NSW farmer Toby Strong has become a big fan of Emar chaff decks as a weapon to reduce weeds.
Mr Strong grows a number of crops including wheat, barley and canola at Boree Creek in southern NSW.
He uses the chaff decks on his 2016 Case 8240 combine harvesters and will be transferring them to his two new 2020-model Case 8250s.
"The Emar chaff deck directs the weed seeds and chaff onto the combine tracks which, because they are compacted, provides a suppression of weed seed germination," Mr Strong said.
The chaff deck, invented by James Buttle of Esperance, WA, was an important non-herbicide option in reducing weed seed numbers, he said.
"I find using the chaff deck also helps to reduce dust in dry conditions and improves the efficiency of summer spraying," Mr Strong said.
He said he had also seen benefits in his herbicide program.
"In a knockdown scenario with Gramoxone, for example, I am able to turn off the other nozzles and only spray my wheel lines which is only 11.5 per cent of the paddock.
"Chaff decks should be considered another Integrated Weed Management (IWM) tool to be used as a part of a whole farm strategy that aims to target weeds across the whole season and at every opportunity.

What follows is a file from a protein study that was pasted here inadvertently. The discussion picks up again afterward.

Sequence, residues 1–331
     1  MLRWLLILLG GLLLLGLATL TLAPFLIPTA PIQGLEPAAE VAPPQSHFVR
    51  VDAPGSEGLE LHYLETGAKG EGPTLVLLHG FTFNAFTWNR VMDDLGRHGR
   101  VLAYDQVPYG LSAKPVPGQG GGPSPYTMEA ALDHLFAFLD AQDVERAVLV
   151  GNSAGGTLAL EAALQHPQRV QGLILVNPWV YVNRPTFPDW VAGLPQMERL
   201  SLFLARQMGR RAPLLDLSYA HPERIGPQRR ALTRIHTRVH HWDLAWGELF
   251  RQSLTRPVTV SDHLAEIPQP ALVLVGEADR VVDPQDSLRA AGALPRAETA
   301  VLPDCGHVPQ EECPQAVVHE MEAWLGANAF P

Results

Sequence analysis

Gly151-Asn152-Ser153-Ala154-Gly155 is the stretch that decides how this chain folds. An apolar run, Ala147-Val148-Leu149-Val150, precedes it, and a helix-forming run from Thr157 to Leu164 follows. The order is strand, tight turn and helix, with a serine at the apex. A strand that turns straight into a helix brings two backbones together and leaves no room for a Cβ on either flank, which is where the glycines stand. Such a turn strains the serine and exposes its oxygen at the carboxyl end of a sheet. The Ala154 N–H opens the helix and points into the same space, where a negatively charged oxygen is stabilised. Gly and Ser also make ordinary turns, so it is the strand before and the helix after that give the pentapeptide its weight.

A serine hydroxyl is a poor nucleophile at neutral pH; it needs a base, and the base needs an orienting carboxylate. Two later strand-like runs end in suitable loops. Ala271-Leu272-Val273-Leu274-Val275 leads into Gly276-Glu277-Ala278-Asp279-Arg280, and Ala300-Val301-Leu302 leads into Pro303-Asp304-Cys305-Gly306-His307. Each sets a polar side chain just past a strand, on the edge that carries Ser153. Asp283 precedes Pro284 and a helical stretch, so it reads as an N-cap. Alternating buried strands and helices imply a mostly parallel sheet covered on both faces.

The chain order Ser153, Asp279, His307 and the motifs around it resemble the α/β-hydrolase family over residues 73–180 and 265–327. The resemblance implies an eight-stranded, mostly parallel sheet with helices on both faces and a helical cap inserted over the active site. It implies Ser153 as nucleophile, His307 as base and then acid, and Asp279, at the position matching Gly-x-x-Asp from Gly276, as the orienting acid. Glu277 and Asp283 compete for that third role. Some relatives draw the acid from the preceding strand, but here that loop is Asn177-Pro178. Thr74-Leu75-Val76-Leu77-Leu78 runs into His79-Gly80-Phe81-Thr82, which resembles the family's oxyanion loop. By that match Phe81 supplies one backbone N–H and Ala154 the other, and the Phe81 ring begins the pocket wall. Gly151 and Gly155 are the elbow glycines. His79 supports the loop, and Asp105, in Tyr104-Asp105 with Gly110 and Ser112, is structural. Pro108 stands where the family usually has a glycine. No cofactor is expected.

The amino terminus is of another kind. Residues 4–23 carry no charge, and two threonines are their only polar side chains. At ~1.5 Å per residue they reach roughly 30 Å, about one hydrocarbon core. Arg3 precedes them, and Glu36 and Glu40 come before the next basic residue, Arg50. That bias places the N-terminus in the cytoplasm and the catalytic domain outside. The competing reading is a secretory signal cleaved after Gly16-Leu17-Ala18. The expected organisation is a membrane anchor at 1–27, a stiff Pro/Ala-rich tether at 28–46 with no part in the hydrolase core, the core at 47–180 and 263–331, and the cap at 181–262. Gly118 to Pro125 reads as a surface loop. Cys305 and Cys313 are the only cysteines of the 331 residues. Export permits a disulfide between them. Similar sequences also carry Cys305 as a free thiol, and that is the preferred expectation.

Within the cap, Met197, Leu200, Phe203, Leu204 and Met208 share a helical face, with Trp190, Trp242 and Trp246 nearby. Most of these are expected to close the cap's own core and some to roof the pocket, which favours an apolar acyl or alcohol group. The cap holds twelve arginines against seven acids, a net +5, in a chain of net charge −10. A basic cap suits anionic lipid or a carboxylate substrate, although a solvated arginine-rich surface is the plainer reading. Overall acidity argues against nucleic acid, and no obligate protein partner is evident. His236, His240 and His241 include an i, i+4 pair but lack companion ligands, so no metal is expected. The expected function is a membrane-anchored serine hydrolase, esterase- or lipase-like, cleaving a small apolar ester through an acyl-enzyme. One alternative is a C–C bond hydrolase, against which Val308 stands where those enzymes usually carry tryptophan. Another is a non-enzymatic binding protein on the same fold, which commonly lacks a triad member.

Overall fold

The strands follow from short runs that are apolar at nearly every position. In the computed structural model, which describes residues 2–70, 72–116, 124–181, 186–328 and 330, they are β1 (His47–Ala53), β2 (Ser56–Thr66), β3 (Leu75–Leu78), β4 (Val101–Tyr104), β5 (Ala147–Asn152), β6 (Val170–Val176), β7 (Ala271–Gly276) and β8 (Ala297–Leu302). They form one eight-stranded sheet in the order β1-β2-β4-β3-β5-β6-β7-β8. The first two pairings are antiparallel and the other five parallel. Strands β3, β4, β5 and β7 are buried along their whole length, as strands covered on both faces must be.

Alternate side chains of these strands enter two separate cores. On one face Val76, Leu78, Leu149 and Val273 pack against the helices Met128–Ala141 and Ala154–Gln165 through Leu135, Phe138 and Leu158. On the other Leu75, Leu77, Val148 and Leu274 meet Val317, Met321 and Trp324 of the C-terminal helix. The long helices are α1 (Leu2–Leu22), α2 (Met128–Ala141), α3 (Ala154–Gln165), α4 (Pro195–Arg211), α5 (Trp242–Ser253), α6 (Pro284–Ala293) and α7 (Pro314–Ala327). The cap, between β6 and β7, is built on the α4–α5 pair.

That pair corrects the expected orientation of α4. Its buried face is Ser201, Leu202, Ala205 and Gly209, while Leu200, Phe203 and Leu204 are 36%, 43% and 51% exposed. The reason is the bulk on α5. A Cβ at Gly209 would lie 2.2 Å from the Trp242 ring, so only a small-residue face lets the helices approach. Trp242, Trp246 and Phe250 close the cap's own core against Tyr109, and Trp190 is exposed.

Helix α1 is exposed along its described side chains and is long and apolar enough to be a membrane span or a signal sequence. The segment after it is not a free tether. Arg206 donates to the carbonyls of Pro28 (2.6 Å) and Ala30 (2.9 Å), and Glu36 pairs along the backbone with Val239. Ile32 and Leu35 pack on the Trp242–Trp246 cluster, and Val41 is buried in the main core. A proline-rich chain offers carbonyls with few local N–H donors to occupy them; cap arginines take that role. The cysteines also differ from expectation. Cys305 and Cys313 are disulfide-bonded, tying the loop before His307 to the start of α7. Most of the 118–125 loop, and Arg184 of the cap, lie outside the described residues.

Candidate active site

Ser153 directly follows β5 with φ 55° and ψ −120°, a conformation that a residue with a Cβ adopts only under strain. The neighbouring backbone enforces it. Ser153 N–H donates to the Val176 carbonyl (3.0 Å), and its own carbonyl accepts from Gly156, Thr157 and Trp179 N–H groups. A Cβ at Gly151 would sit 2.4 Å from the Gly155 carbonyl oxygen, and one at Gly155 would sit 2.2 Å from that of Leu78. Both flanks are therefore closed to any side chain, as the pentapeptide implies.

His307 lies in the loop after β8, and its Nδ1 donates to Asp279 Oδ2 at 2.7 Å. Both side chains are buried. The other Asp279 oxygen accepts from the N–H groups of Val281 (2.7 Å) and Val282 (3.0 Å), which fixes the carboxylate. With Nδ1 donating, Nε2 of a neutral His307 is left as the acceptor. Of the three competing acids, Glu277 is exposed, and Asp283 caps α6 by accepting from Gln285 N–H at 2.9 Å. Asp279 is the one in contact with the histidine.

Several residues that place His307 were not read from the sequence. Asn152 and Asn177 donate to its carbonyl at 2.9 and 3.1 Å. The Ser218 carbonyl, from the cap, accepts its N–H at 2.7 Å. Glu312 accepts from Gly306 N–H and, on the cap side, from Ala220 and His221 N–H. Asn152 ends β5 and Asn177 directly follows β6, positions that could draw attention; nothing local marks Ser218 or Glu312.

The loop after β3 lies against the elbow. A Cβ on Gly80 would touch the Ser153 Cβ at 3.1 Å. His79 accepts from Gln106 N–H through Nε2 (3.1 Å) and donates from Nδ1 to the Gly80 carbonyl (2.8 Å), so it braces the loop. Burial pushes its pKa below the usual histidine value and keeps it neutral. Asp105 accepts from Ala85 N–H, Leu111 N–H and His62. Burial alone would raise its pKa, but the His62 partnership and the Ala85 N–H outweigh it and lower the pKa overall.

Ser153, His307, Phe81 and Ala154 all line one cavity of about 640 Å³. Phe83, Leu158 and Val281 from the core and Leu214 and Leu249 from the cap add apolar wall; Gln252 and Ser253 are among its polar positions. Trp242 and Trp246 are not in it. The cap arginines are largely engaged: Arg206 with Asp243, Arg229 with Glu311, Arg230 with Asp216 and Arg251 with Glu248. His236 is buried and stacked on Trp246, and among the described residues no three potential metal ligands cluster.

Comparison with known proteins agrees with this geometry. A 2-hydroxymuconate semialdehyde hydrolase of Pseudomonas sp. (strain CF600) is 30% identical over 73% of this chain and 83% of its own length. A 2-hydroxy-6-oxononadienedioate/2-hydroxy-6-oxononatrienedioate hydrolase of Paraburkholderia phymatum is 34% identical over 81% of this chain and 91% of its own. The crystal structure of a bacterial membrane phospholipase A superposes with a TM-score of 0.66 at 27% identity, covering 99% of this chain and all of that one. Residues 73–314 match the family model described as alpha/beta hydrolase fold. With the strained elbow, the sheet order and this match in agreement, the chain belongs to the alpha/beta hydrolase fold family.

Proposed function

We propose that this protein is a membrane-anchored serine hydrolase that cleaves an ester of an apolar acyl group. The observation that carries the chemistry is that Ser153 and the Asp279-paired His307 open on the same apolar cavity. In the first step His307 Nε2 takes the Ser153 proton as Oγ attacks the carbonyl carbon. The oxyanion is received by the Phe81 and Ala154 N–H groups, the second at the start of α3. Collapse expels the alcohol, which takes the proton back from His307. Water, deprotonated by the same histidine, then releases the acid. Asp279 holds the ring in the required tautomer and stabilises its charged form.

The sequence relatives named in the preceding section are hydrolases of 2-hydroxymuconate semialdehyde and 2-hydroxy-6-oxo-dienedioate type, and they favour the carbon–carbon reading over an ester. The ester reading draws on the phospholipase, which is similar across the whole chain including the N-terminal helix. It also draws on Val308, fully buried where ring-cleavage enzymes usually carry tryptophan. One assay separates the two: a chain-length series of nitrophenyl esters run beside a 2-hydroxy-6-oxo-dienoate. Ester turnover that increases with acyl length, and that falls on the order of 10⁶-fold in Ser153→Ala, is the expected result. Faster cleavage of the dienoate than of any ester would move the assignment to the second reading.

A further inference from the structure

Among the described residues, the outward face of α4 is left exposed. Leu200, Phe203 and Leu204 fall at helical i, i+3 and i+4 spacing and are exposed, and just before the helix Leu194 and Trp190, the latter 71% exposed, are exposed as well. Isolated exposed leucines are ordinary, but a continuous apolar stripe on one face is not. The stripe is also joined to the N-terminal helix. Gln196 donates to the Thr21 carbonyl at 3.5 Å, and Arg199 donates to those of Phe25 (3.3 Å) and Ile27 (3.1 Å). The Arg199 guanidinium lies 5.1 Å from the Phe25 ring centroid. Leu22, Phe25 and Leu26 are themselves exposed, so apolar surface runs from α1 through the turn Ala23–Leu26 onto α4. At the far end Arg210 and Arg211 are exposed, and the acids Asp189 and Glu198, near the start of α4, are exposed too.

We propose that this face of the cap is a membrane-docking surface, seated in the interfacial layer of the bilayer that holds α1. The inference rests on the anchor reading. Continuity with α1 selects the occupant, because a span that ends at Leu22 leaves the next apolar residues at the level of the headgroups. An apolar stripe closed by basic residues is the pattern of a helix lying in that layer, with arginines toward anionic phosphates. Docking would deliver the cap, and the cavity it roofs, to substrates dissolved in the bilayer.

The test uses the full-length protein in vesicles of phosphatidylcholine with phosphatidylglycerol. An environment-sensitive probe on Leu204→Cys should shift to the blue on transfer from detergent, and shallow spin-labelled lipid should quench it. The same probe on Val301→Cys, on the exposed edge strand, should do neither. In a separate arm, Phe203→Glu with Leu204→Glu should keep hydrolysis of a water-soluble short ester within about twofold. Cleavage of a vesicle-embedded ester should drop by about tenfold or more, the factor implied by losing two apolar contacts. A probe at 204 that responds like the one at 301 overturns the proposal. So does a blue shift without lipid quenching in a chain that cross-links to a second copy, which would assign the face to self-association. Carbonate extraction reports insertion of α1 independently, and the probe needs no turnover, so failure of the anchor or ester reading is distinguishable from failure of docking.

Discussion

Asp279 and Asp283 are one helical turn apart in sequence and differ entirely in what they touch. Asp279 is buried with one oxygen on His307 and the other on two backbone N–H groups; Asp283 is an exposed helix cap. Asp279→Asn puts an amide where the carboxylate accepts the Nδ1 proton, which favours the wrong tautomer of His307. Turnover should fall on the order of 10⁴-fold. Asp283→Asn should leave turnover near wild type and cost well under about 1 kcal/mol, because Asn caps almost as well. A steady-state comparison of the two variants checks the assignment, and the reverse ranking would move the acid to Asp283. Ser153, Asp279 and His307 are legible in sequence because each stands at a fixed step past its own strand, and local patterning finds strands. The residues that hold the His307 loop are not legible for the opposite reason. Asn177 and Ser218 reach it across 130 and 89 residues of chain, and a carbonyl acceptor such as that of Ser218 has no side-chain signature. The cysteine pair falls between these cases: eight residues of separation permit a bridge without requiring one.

"They are not a silver bullet (to fight weed resistance) but they help," Mr Strong said.
The maintenance required on the chaff decks was minimal and all bearings on both machines had been replaced after the third year at a relatively low cost, he said.
"The chaff decks can be fitted to the two new headers with confidence as they are not giving any downtime, even though they are four years old already.
"With the old headers we were running a feed roller on one machine and not the other to see what the difference would be.
"In average or below-average crop situations, there was no significant advantage.
"However, we are expecting this year to be possibly above average for the stubble load and hopefully the yield, so we will probably have a feed roller fitted to both machines.
"It is also important not to leave the harvest until too late in the season as the weed stems can become brittle and fall below cutting level."
"Although the seeds aren't being totally destroyed, they are being shifted to a hostile and highly-competitive environment," Mr Strong said.
"The Emar chaff deck doing the job, doesn't affect power and I don't need to worry about breakdowns," Mr Strong said.
The story Putting weed seeds into a 'hostile' environment at harvest first appeared on Farm Online.